Much later I read a description of this Kafka way of narration in Milan Kundera's book of essays - "The Betrayed Wills". Relating to a specific scene from "The Castle", Kundera wrote: "This scene, which has an immense comic poetry […] would have been inconceivable in the time before Kafka. In no way would it be imaginable. The fact that I repeat this insight is meant to underline how radical Kafka's aesthetic revolution has been." Kundera goes on to quote Gabriel Garcia Marquez, who has told him 20 years earlier: "It was Kafka who made me realize that writing differently is possible." Kundera interprets Marquez' "different" as "Crossing the border of reasonableness not in order to escape from reality (as the romanticists did) but in order to grasp it better."

As for Prague: as mentioned earlier, I have met Prague many years after I have become acquainted with Kafka's writings. It was in February 2000 that I arrived in Prague very acutely aware that I am about to visit Kafka's city but with no plans for preparing an exhibition about him. It was only when I returned to Israel, having looked at the photographs I have taken in Prague and having digested the visit that the idea developed, and the works began piling up quickly.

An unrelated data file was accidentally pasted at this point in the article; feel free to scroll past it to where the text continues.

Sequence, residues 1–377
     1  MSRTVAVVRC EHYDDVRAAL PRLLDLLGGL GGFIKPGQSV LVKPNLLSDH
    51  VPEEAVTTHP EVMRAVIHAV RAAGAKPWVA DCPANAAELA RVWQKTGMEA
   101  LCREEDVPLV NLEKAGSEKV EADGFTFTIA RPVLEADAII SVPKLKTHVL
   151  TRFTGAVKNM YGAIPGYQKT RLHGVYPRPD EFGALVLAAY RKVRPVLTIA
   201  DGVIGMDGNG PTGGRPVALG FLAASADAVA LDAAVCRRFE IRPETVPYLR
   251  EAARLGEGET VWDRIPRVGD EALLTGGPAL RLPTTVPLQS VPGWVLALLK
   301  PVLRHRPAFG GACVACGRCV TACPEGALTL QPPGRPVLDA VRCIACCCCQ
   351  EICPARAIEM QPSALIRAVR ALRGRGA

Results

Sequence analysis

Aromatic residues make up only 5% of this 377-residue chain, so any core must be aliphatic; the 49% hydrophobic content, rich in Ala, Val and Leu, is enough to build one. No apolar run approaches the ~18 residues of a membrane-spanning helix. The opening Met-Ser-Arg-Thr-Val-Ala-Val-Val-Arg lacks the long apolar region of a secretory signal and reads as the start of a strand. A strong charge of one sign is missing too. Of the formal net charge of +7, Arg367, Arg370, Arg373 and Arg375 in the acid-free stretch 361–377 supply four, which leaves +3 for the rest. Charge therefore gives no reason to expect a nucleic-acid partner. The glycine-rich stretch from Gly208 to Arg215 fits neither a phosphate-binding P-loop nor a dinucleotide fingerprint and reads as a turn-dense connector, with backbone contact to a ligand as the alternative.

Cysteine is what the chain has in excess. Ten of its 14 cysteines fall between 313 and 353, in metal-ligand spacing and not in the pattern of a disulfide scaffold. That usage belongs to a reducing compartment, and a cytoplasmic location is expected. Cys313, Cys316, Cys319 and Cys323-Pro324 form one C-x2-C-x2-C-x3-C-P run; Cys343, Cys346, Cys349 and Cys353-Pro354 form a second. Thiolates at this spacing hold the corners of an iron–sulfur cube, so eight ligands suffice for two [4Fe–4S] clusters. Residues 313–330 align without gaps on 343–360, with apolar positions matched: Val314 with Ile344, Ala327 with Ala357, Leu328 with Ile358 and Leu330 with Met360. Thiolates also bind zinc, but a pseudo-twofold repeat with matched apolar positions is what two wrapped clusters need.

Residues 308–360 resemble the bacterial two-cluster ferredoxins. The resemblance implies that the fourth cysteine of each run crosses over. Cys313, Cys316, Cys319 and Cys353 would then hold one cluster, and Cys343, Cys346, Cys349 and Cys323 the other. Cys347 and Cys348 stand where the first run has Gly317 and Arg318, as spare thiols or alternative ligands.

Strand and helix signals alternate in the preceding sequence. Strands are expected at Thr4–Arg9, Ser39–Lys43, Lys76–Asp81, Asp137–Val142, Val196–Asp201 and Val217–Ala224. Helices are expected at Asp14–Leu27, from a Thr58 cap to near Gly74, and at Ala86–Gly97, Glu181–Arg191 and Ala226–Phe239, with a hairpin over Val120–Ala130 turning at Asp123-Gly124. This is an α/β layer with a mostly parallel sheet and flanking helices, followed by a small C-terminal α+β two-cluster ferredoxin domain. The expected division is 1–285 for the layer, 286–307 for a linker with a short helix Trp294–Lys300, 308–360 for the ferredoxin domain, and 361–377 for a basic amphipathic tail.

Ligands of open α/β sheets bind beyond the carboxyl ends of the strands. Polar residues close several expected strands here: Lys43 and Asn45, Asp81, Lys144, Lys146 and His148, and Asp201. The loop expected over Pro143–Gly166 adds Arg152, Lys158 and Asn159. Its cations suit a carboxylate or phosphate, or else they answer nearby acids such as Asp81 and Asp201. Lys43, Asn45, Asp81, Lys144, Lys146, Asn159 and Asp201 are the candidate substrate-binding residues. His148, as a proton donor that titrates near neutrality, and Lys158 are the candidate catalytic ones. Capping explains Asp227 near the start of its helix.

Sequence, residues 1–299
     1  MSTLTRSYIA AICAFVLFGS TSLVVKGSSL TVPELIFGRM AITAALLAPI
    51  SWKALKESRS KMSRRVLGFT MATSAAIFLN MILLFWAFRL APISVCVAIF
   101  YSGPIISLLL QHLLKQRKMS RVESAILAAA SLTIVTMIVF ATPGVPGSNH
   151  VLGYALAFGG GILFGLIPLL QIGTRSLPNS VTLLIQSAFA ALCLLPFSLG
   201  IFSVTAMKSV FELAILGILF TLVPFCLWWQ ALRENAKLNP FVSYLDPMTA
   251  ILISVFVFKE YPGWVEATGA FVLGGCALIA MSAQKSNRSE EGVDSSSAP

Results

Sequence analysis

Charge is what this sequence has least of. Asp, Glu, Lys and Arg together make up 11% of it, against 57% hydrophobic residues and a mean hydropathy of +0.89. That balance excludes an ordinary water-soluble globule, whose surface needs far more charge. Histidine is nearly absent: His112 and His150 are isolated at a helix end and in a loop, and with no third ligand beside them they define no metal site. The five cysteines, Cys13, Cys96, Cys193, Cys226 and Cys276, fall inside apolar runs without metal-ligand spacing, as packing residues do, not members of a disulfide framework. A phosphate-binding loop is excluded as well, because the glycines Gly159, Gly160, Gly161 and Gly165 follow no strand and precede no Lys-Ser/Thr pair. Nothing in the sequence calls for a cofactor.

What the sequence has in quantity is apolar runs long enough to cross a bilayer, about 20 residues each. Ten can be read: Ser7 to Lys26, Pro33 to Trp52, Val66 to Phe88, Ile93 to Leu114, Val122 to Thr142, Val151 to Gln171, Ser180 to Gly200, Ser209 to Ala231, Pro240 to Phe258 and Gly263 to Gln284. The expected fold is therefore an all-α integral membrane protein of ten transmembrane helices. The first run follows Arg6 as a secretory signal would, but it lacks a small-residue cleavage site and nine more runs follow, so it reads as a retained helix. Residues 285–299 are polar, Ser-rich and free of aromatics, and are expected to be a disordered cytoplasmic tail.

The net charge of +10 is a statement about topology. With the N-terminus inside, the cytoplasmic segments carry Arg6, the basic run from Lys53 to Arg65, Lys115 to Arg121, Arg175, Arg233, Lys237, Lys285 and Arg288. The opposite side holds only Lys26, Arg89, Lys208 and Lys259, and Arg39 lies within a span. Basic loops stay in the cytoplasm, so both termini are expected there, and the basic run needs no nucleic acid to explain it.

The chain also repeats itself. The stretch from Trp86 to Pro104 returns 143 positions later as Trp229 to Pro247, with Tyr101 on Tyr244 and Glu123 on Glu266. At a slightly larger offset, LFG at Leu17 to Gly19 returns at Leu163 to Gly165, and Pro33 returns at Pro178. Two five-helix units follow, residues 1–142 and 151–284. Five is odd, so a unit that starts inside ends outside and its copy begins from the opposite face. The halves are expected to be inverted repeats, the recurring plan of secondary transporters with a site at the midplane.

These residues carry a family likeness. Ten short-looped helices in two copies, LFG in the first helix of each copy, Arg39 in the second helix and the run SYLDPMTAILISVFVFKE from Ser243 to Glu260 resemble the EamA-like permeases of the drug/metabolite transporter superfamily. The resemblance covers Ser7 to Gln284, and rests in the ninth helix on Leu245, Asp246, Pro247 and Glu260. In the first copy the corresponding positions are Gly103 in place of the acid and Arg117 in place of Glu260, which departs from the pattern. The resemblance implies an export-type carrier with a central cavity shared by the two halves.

In May 2001, 15 months after my first visit in Prague, I opened my first exhibition on this theme under the kind auspices of the Czech Embassy in Israel and the honorable Ambassador Mr. Daniel Kumermann.

And a last remark:

Not only were the works in the present exhibition created with a complete lack of the slightest intention of illustrating specific writings by Franz Kafka, they do not even seek to provide an interpretation for his specific works. This is the reason that none of the works has a title [or in other words, that the title of each and every one of the works is “untitled”]. On the other hand, I did have a premeditated aspiration, which I hope I have succeeded in attaining, to present in them and through them the Kafka being, which his writings emit, the way I understand it. More than anything else, I have tried to present the humor (usually bitter and ironical) as well as the terror that emanate from his works.

Even so, my testimonial about the paintings creation process in no way contradicts the possibility that visitors might detect in my works elements that relate somehow to specific Kafka's works. This would be legitimate from any point of view, because from the moment a work of art – be it a painting, a novel or any work of art in whatever medium - sees light, it becomes an object that everyone is entitled and capable of interpreting. The creator has no privilege or advantage in terms of interpretation over other people, who are not the creators. I will not tire you with the reasoning for this assertion, as the time this would take far exceeds the time I have already forced you to spend listening to my speech.